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Showing posts from November 3, 2019

The world’s first virtual triathlon has arrived!

Maybe you swam in college and miss the camaraderie of being part of a squad. Perhaps past running injuries have made you tri-curious. Or, maybe you are seeking a new challenge as a devoted cyclist.

If you are a little nervous about the idea of participating in your first swimbikerun event - not to worry. The Time to Tri virtual triathlon is the perfect way to get your feet wet in a 3-sport event. And if you are a seasoned triathlete, this four-week-long event is will be an easy way for you to log some miles while positively impacting the multisport community. There's also a club competition for triathlon teams!

This FREE Time to Tri Virtual Triathlon is the first ever online swim, bike and run event that allows you to easily sync your workout devices to the Time to Tri virtual triathlon website to track your results and position on the leaderboard. The virtual triathlon is open for anyone (in the US) - with any level of experience - to participate in a triathlon at your own pace…

Body image and athletics - something needs to change!

Unhealthy weight control/loss practices are a serious and ongoing problem in sport, especially in aesthetic and weight-bearing sports, like running and triathlon. Too often, athletes are pressured by media, coaches and competitors to change body composition in order to boost performance. There's the mentality that you have to be thin to wind.

But if losing weight was a guarantee to performance improvements, why don't more athletes excel at sport after they experience some type of weight loss?

Many athletes are told (or assume) that they would be more successful in a sport if they lost weight or changed body composition. Regardless of the performance outcome, athletes who are asked or told to lose weight.change body composition are more likely to engage in unhealthy behaviors such as fasted workouts, skipping meals, replacing higher calorie foods for calorie-free/diet foods, fasting/cleansing/detoxing, using weight loss supplements, diuretics or laxatives and/or overexercising…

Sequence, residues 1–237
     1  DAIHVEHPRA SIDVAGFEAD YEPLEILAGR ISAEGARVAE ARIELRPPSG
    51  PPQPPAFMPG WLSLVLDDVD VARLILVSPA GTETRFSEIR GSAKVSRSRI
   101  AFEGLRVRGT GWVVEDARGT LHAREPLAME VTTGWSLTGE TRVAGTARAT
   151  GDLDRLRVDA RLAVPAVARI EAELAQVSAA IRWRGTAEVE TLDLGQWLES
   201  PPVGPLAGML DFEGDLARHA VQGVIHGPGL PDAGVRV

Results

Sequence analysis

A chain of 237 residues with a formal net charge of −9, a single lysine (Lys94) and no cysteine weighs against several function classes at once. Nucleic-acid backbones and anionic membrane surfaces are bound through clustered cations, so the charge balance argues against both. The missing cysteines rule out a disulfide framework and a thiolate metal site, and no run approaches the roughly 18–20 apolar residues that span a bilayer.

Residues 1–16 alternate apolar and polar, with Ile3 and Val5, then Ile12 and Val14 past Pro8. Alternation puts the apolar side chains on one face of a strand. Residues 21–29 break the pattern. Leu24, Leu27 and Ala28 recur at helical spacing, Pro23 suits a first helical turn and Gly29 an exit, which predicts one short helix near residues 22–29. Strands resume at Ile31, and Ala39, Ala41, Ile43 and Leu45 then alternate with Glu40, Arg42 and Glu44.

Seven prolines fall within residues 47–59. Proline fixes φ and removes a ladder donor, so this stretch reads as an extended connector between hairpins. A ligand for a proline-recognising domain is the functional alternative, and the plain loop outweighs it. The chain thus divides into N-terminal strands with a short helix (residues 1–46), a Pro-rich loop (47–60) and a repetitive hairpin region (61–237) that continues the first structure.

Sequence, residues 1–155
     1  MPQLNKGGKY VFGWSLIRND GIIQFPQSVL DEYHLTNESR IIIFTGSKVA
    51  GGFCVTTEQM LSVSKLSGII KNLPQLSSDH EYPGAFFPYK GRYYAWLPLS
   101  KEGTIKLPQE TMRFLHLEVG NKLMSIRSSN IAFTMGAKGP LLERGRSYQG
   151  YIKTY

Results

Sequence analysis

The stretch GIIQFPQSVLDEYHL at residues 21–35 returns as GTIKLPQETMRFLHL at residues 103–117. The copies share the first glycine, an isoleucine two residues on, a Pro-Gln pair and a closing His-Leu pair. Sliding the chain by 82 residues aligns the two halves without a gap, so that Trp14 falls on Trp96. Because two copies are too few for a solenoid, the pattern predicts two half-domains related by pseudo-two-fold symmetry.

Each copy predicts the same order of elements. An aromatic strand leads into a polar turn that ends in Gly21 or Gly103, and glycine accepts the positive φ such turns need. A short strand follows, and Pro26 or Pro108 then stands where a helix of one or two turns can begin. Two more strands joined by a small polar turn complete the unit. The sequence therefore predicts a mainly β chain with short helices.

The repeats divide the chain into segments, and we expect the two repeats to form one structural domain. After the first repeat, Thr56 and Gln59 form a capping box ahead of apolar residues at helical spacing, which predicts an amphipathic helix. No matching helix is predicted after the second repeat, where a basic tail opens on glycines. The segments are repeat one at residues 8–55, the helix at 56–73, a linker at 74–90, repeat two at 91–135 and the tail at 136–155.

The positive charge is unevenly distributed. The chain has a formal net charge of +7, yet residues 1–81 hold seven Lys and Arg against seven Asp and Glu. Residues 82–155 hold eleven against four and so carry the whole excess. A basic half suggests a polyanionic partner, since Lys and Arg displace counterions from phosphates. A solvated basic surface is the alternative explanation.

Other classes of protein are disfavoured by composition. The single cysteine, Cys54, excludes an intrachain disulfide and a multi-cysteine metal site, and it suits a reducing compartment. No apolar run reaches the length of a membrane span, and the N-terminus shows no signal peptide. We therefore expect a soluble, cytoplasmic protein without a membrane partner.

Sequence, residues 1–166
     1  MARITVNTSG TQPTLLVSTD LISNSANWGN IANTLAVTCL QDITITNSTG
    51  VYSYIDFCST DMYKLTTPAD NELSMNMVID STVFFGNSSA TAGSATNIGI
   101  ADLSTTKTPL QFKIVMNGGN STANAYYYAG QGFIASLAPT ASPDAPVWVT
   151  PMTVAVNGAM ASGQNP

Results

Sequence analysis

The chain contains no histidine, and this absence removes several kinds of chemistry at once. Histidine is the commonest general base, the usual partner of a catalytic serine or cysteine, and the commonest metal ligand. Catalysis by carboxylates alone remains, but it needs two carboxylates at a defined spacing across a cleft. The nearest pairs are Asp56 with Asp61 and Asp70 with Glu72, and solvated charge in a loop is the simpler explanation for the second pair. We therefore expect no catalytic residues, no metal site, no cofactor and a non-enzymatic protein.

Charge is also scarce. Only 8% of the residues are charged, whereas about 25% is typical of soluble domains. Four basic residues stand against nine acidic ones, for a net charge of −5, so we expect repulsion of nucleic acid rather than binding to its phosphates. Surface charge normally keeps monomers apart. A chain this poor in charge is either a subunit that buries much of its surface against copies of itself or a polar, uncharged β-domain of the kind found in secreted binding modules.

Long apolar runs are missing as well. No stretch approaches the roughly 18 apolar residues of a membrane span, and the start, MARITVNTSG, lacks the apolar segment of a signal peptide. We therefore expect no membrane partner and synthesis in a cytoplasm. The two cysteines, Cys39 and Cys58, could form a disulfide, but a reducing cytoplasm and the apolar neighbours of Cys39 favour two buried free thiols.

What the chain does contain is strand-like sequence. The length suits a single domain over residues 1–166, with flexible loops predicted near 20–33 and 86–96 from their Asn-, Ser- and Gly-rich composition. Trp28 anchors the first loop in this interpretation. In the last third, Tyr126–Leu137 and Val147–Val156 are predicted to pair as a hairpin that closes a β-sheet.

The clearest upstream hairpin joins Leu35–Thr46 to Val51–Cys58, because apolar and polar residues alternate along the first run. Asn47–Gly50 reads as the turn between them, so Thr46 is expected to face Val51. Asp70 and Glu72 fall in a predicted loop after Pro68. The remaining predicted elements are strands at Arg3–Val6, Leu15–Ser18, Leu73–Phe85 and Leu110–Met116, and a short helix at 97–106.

Do you fall victim to fad diets?

How many times have you fallen victim to the dieting trap?

-Restrict food to try to lose weight or to gain control over food choices.
-Feel deprived.
-Crave foods you are restricting.
-Feel miserable, isolated or confused.
-Give into temptation and eat off-limit food.
-Mentally beat yourself up for eating something you shouldn't be eating and think "What the heck. I failed again so I may as well eat it all."
-Feel guilty, uncomfortable and anxious. Become overly critical of your body. Feel like a failure. Get angry. Blame yourself for not having willpower.
-Binge eat or give up on the diet and go back to your old ways of eating.
-Begin the cycle again.

If you are one of the 45 million Americans who go on a diet each year, please keep these important reminders in mind when you consider a new/popular diet as a new way of eating.

Dieting affects your self-esteem. You don't fail at dieting, the diet fails you.Diets severly restrict your food choices, making you feel deprived. In re…

Keeping perspective of rest days/off-season.

Every athlete and fitness enthusiast will have intentional rest or active recovery days built into the training plan. Right now you may be experiencing a week (or more) long break from training to celebrate your well-deserved off-season.

Recovery (or rest) is important to your athletic development as it gives the body time to adapt to the stressors of exercise and to rejuvinate the mind.

As it relates to nutrition, recovery also allows the body to replenish energy stores and repair damaged tissues. What you eat (or don't eat) on your rest day or during the off-season will impact your health.
It’s common for athletes to dramatically cut calories or avoid carbohydrates for fear of gaining weight when energy expenditure is low. Or the opposite occurs - a day off from training is seen as a day to eat foods normally avoided for health, body composition and/or performance reasons (aka cheat day).
Many athletes struggle so much with rest that the body never receives an intentional brea…